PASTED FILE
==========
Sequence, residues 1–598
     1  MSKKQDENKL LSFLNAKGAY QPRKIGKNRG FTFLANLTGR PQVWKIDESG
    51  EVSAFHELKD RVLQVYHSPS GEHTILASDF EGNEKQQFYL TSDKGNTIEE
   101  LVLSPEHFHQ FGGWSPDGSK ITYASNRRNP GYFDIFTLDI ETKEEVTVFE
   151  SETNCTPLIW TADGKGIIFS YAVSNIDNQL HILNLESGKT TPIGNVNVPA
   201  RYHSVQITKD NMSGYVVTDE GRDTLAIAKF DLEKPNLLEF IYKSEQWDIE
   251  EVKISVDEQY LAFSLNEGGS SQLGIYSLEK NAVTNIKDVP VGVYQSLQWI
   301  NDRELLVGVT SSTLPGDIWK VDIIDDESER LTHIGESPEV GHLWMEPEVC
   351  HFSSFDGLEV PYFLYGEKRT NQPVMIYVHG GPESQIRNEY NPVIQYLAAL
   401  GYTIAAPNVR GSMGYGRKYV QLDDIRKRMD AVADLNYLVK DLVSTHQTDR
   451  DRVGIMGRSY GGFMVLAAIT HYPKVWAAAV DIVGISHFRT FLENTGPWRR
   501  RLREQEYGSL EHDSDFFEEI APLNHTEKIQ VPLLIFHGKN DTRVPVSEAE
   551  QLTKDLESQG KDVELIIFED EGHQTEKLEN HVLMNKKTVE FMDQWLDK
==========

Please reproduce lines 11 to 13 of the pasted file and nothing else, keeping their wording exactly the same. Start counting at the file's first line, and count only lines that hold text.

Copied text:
   451  DRVGIMGRSY GGFMVLAAIT HYPKVWAAAV DIVGISHFRT FLENTGPWRR
   501  RLREQEYGSL EHDSDFFEEI APLNHTEKIQ VPLLIFHGKN DTRVPVSEAE
   551  QLTKDLESQG KDVELIIFED EGHQTEKLEN HVLMNKKTVE FMDQWLDK